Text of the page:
On the surface, debit cards and credit cards look very much alike. In either case, the user typically slides a wallet-sized piece of plastic through a card reader, and then signs a receipt or enters a Personal Identification Number (PIN), authorizing his or her transaction. Looking more closely at these forms of payment, you will notice a few fundamental differences. Let’s take a look at some of them.

Source of Funds

The most basic difference between credit and debit cards lies in the source of the funds used to conduct a purchase transaction. A debit card uses the money that you have previously deposited into a bank account, while a credit card essentially gives you a series of short-term loans that must be paid by the end of the month. With a debit card, it’s necessary to have the cash up front. With a credit card, you can make purchases even if you have not yet earned the money.

Protection from Debt

For this reason, debit cards can act as an excellent insulation against credit card debt. Credit card debt is the scourge that has enslaved so many people to an endless cycle of payments to credit card companies. The interest on their balances is so high, that a large portion of monthly earnings goes straight to paying for the interest.

With a debit card, it is still possible to overdraw your account, resulting in fees. Typically, a fee of around $30 is assessed on your bank account when this occurs. New laws in place require banks to alert you and only allow an overdraft with your prior permission. This makes it impossible to go deeply into debt with a debit card.

Purchase Protection

One advantage that credit cards have over some bank debit cards is purchase protection. If an unscrupulous person attempts to defraud you or fails to deliver on promised goods or services, then you can contact your credit card company to have the charge removed. This protection is mandated by law on all credit cards. You can still get this protection with a debit card, as long as your card carries the Visa or MasterCard logo. If your debit card is issued by a small local bank, then you shouldn’t assume that you are automatically protected; you should check with them on their specific policy and be sure there is a Visa or MasterCard logo on the card.

When Credit is Better

One of the greatest benefits of using a credit card instead of a debit card is taking advantage of rewards programs. You can get 1% or 2% cash back on all your purchases at the end of the year. Sometimes you can accumulate airline miles that you can exchange for airplane flights or for hotel or rental cars. There are also many credit cards with specific tie-ins with some of the major corporations. The GM credit card, for example, will allow you to accumulate credits that you can use to obtain a discounted price on your next GM vehicle. If you are responsible and can pay your bill on time, then these rewards are a great reason to choose a credit card instead of a debit card. If you don’t regularly make your payments on time, then these rewards end up costing you more than they give you.


Mortgage Rates at All Time Low…Expected to Continue

The mortgage market has been going through a deflationary cycle recently. Since the housing bubble first started to burst in 2007, interest rates on mortgage loans have been falling like rocks.  Mortgage rates have hit fifty-year lows. Demand, however, remains very weak.

There are various questions about this phenomenon running through the financial and business sectors. There is much confusion about how demand could be so low with such attractive rates. According to the standard supply-side formula, low interest rates should spur borrowing and investment. What’s really happening is that the savings rate has risen higher in the past eight years. In fact, in the second quarter of 2009, the personal savings rate hit five percent.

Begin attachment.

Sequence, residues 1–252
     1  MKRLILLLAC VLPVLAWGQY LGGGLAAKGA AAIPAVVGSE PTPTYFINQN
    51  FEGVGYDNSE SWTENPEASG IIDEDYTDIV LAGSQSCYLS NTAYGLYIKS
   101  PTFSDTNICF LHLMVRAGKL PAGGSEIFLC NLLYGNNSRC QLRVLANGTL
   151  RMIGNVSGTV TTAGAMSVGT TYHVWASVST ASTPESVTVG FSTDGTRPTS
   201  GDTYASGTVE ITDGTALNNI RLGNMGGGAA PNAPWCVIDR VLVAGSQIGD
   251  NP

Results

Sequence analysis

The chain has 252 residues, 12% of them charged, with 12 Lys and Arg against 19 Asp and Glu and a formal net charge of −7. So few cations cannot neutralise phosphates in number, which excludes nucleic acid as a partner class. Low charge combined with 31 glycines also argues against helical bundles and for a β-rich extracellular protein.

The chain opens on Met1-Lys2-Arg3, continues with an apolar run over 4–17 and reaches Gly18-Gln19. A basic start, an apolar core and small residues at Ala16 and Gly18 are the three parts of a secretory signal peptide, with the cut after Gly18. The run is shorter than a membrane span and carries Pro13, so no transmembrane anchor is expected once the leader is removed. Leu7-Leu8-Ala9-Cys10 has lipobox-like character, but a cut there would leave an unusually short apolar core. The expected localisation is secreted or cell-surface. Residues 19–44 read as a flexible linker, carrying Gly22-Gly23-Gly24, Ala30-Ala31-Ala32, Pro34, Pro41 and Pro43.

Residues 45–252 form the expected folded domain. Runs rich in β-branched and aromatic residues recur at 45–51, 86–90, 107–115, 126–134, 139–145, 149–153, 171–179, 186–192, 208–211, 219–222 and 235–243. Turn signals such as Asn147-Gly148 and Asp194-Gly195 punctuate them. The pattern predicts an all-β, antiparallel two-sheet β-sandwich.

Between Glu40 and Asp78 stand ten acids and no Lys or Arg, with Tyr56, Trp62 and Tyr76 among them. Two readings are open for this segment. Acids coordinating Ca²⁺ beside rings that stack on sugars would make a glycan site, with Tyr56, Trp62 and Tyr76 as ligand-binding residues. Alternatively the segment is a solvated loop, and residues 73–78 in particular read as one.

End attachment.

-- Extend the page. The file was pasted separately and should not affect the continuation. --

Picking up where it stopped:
Low mortgage rates plus an increased sense of frugality combined with tighter lending standards results in homeowners who either cannot refinance or buy a home, or they are afraid to take the risk on buying a new home and prefer to live frugally within their current dwellings. The tighter lending standards mean that even borrowers who would have previously qualified for refinancing may not be able to do so. Many borrowers have found their financial situation worse off, due to factors such as a reduced credit rating, lowered income, and other negative factors that make it more difficult for homeowners to refinance because they cannot meet the stricter standards.

It is not surprising that the credit crunch brought down mortgage rates. The fact that the Federal Reserve was purchasing mortgage-backed securities from Fannie Mae and Freddie Mac helped to keep rates down. During the height of the financial crisis, the money market was suddenly gutted as depositors withdrew their funds. Since banks essentially create credit by lending out large loans such as mortgages, the expansion of credit was abruptly halted and in fact drastically reversed within a short period.

The sudden contraction of credit resulted in interest rates nose-diving because there was a sudden decrease in the amount of mortgage debt owed as the rate of defaults rose. The defaults were largely the result of falling home prices and high levels of consumer debt. Mortgage defaults decreased the overall debt load because the massive waves of foreclosures effectively wiped out hundreds of mortgage loans. This made the credit contraction even worse, and the rapidly shrinking money supply spurred the Federal Reserve’s lowering interest rates in order to keep the money supply from shrinking even further.

Unfortunately, the money supply continues to shrink due to deflationary trends despite the Federal Reserve’s efforts. The newly risk-averse banks simply do not lend out the money generated by the Reserve. Nationally, especially in the hard-hit areas of California and Florida, mortgage defaults continue to increase. Although the money market has appeared to recover, the contraction of credit continues to shrink the overall availability of currency.

This has resulted in low mortgage rates because of incredible deflationary pressures, not necessarily because of decreased risk. Even once the Federal Reserve stopped buying mortgage-backed securities from Fannie Mae and Freddie Mac, interest rates continued to fall. The deflationary trends have resulted in positive effects, however; the increased savings rate combined with the tighter standards have resulted in more consumers paying off their debts, with the salutary result that overall consumer debt levels in the United States have started decreasing.

In addition, there is a talk of a second wave of recession on the horizon. Whether the predictions are true or not, the negative sentiment makes already nervous lenders even tighter with their money. Why lend money at a risk when they can invest in government bonds and have a guaranteed profit?

All of the above notwithstanding, the low mortgage rates are continuing to stay low due to the continued credit contraction. Once the contraction bottoms out, mortgage rates should level off. They expected to remain low because of continued deflationary trends as the accumulated citizen and government debt is slowly paid off.